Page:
Corrosion Resistant Reinforced Concrete for Marine Environments


Project Description

Corrosion of internal rebar is the leading cause of failure for reinforced concrete in marine environments. The natural permeability of concrete to water and salt ions from the environment leads to chlorine ions diffusing through the concrete and into contact with the underlying steel reinforcement—accelerating oxidation and corrosion of the rebar. The resulting oxidation products exhibit a positive volume change that is constrained by the surrounding concrete, creating internal tensile stresses. Internal stresses facilitate cracking of the overlaying concrete, further accelerating chloride permeability and rebar oxidation that eventually leads to spallation and failure of the concrete. This research explores the efficacy of modifying the concrete composition with additions of: silica fume, Hycrete, and fly ash to resist corrosion and to increase its service life. As chloride permeability is difficult to measure, surface electrical resistivity is leveraged as a proxy measure of chloride permeability, with chloride permeability and electrical resistivity exhibiting a negative correlation. Four select concrete compositions were developed and tested for initial workability; with surface and bulk resistivity, compressive strength, and splitting tensile strength evaluated on cylindrical test specimens at 7 day intervals post-cure, up to 21 days. With considerable effort to consider cost and sustainability, a ranking system was also developed to select the optimal concrete composition to meet the demands of the Navy. This lead to the selection of a concrete composition modified with 10% silica fume in place of Portland cement as the optimal solution, when considering resistivity, workability, and cost.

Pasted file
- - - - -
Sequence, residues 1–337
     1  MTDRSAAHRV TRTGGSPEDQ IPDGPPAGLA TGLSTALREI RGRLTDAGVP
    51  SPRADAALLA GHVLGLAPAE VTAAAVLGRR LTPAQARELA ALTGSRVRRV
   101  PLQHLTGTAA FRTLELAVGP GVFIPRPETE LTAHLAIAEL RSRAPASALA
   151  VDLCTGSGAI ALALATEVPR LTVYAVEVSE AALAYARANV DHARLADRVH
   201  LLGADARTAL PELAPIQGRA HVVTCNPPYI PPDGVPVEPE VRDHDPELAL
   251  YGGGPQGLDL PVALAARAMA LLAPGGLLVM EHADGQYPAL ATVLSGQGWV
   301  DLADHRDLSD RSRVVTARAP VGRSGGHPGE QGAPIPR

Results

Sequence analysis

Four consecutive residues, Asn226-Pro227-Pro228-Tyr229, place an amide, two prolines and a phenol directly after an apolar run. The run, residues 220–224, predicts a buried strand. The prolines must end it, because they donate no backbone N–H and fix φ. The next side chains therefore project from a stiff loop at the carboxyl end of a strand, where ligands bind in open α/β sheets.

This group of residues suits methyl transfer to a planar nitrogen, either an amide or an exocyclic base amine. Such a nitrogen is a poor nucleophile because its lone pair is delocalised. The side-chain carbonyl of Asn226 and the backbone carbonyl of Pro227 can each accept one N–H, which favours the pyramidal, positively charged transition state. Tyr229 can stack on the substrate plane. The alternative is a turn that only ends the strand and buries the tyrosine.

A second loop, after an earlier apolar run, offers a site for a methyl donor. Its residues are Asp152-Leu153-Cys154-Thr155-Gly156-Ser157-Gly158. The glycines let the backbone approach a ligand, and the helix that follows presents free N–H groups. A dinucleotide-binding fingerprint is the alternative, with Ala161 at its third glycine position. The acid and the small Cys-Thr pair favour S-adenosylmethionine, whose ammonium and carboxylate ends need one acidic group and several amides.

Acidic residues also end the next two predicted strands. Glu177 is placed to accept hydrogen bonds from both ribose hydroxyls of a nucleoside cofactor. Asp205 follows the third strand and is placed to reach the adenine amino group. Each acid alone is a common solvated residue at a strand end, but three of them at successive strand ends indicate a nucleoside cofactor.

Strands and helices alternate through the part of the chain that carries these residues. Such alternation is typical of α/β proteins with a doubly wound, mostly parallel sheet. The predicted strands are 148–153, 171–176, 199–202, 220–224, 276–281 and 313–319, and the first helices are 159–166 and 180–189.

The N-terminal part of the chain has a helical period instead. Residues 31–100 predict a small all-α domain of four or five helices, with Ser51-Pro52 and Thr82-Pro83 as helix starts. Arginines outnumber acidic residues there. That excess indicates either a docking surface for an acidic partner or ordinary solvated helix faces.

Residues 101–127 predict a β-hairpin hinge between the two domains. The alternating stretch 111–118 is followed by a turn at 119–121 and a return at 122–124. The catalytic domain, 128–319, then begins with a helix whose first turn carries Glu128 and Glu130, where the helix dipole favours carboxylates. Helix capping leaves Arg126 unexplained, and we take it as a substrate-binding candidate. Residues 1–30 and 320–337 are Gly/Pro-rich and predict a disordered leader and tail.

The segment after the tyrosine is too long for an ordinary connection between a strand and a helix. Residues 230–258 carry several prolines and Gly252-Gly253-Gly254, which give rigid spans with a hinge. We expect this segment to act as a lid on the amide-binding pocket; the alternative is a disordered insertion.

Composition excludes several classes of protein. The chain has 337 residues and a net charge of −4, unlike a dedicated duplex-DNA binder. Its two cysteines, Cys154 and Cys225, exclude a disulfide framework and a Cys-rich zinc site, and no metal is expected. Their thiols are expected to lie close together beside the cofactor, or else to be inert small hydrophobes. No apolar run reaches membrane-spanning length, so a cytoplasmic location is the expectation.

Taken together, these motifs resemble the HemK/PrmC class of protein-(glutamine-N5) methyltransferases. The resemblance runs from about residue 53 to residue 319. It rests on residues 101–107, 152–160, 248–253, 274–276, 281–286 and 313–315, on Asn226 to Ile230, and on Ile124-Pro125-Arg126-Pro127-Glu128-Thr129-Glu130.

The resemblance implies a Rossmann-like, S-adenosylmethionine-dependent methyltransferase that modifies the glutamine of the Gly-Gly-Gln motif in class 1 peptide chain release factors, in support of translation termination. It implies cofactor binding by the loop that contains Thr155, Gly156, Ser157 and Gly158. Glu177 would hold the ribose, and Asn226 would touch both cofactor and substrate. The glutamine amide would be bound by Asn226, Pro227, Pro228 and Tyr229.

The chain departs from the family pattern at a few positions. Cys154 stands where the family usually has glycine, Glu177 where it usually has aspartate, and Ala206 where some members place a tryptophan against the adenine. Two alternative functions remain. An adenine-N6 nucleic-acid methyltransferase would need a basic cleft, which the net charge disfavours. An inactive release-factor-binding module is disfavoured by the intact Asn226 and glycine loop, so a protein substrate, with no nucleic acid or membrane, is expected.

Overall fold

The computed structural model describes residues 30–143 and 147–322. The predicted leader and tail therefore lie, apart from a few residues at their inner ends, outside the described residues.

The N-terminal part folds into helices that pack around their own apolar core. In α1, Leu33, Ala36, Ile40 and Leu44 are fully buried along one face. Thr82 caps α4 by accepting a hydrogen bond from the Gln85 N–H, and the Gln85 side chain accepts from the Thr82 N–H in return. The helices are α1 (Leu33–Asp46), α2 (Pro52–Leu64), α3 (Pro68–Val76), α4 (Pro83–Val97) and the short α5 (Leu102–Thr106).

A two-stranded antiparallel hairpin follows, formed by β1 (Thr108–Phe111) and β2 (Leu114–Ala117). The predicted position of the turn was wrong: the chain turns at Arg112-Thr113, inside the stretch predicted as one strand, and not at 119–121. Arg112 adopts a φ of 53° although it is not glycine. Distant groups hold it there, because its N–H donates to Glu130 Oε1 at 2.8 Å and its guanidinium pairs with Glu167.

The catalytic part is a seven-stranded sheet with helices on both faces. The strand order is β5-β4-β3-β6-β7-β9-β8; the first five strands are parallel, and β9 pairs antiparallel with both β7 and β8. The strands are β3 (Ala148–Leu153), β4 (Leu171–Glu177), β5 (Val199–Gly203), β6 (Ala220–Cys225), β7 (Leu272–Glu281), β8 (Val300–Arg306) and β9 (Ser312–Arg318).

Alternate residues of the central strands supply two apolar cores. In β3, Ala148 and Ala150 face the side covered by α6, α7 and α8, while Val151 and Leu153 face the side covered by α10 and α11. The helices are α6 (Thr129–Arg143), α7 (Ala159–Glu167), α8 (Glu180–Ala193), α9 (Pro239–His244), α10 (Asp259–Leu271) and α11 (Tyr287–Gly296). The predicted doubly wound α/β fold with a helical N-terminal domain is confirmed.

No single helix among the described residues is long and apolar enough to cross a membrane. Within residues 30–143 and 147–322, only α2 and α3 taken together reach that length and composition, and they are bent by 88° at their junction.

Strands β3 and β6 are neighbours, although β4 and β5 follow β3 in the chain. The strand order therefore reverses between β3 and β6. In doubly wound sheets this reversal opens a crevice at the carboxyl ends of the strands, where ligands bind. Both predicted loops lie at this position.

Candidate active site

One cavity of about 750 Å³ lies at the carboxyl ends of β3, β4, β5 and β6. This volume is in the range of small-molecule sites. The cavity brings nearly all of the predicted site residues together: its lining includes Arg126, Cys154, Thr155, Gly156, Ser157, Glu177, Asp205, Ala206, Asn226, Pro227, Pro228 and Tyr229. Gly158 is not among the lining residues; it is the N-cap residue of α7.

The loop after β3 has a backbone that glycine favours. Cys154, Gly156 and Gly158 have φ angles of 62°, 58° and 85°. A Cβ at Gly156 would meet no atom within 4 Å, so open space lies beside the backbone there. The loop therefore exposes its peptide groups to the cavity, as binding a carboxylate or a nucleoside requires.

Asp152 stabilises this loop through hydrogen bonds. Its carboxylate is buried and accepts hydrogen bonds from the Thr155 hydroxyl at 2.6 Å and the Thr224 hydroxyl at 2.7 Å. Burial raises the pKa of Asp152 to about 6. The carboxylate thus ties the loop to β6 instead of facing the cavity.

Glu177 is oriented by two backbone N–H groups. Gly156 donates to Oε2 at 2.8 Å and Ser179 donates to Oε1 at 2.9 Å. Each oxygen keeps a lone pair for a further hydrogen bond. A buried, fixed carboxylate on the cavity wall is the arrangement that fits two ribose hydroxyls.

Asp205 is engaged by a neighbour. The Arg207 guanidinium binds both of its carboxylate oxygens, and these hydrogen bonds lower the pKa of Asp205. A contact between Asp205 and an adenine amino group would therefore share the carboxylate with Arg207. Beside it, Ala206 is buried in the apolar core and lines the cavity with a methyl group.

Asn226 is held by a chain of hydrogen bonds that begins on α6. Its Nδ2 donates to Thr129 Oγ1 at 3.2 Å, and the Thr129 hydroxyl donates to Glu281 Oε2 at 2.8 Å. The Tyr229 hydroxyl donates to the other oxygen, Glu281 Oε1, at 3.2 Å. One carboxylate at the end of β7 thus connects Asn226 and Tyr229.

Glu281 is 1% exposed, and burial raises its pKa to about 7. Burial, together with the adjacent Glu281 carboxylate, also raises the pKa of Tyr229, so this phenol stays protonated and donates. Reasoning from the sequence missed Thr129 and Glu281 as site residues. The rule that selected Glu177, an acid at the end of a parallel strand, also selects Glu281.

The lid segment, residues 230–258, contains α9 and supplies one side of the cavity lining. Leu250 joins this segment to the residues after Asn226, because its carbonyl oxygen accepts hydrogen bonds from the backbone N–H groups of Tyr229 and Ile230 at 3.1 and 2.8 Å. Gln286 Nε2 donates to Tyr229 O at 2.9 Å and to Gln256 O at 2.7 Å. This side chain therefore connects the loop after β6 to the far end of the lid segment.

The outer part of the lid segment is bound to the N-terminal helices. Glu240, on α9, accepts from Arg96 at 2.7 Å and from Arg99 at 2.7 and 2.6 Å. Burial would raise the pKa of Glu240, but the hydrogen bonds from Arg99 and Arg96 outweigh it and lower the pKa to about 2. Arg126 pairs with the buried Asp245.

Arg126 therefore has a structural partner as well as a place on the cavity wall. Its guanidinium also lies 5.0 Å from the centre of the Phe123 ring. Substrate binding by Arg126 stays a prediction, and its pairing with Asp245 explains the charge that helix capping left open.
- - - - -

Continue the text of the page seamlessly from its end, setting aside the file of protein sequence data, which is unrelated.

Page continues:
UCSB California NanoSystems InstituteNAVFACONR